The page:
“It’s a metaphor for my life,” she says. “I have my ups and downs, good runs and bad, but no matter what, I keep putting on my running shoes and getting out there.”

So whatever her time on May 1, even if she has to walk some of her way to the finish line, she’ll feel victorious. Sam, she says, would be so proud of her.

“All of my hard work and persistence will have finally paid off, and I will be able to say that anything is possible as long as you don’t give up.”

Teacher with cystic fibrosis gears up to run Pittsburgh Marathon

Hannah Camic gets a look when she’s running that flies in the face of the chronic lung disease she was born with. She doesn’t smile so much as she glows, as if lit from within.

This is no small feat when you’re double digits into an early morning workout that could include as many as 20 miles before some Pittsburghers have had their first cup of coffee. It’s an absolutely amazing one when you consider her lungs are in constant battle with the thick, syrupy mucus that’s a hallmark of the cystic fibrosis she was born with 32 years ago.

Or that every time she’s in a group she puts herself at risk for life-threatening infections through cross-contamination.

Getting enough air can prove difficult, so she coughs. So much and so hard at times while she runs that a week before the Elizabeth Borough resident was to compete in her first Pittsburgh Marathon last May she bruised her ribs.

“I was the sickest I’d been in a year,” recalls Mrs. Camic, who teaches chemistry at Bethel Park High School. Her airway was so obstructed, she felt like she was breathing through coffee straws. “In my heart, I didn’t know if I should run.”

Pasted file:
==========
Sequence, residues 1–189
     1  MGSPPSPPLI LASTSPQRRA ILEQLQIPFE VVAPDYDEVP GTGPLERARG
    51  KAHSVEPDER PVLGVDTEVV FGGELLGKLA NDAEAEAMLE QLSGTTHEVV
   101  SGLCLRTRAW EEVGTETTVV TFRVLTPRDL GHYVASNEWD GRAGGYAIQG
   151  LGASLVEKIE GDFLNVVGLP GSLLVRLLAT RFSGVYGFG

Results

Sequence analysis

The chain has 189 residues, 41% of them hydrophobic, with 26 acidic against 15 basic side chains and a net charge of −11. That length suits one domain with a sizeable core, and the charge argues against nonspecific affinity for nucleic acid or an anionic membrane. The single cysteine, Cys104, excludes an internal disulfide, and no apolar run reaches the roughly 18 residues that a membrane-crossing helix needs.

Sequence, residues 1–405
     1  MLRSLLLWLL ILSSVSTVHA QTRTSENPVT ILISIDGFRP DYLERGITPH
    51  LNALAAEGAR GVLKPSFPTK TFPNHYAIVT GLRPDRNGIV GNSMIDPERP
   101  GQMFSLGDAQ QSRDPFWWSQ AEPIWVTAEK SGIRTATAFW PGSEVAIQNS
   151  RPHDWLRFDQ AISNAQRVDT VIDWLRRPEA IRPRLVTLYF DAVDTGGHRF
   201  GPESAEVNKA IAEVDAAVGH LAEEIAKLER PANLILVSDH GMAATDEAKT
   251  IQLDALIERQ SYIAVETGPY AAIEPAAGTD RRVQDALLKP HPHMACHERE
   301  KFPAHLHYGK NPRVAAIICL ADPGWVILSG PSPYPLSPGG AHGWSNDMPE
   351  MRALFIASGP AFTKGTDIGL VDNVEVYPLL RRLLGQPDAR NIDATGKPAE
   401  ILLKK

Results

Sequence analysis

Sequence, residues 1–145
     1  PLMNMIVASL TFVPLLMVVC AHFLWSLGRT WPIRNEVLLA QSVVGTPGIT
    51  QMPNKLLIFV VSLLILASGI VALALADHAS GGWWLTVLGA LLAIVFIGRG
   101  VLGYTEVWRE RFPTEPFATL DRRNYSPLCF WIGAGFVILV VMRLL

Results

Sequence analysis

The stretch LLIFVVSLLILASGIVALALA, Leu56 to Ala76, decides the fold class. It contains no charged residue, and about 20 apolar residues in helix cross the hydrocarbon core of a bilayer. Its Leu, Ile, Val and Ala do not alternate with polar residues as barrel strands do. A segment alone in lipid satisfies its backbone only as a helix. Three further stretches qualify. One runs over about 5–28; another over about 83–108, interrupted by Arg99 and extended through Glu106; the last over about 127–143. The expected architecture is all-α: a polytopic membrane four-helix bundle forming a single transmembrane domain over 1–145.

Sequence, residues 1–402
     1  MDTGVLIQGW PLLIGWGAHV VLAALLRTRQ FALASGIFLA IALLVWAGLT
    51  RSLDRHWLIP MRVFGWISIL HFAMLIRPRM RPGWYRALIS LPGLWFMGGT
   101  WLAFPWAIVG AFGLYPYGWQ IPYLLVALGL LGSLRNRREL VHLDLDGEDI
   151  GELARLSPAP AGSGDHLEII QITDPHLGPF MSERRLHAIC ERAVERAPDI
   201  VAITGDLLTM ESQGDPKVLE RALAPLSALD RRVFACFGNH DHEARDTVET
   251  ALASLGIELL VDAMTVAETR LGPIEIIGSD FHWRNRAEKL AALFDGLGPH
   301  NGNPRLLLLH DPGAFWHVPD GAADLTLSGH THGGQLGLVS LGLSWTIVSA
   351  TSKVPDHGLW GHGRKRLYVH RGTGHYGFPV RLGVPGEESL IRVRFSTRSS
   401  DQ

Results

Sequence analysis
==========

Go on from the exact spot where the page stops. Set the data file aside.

Her head was a different matter. She’d gotten so many encouraging messages while training with Pittsburgh’s Run to Cure CF team — during which she raised more than $19,000 for research — that to not lace up for the 26.2-mile race was, well, unimaginable. So despite her family’s reservations, and with coach Audrey Burgoon lining up support along the course, she went for it, knowing she’d labor for every breath as though the wind had been knocked out of her by a punch to the chest.

She was “beyond disappointed” with her time, but she finished, spurred on at the end by her younger brother, Levi, who ran alongside her the last four miles.

“Given how sick I was, it was somewhat miraculous, and I don’t say that about anything I do,” she says. “However, I did not feel that sense of accomplishment, joy and pride that I had experienced in other races and that I used as mental motivation throughout my training. But as you know, you just run the best you can with what you’re given, and I did do that.”

Or, you try again, as she did three weeks later at the Buffalo Marathon — and took 12 minutes off her time.  In all, she’s completed 52 races since her first 5K in 2013, all with her doctors’ blessing.  She’ll run her second Pittsburgh Marathon on May 1 with a time goal of 4:30 and fundraising goal of a little more than $12,600, bringing her three-year total to $50,000.

For someone with CF to cross the finish line, she says, is therapeutic in more ways than one. First, running is a good form of therapy in that it helps her lungs to clear out the gunk and stay strong. Perhaps more important, it allows her to deal emotionally with her disease.

“It’s a mental thing,” says Mrs. Camic, who logs upward of 30 miles a week. “When I’m out there running, I’m defeating cystic fibrosis,” a genetic condition that worsens with age. Life expectancy is about 38 years.

Mrs. Camic isn’t the first to heal the body and soul through running; there’s something about crushing miles that can make someone who feels bad, mad or sad suddenly feel better. But her resolve — many would call it grit —  is something for the record books.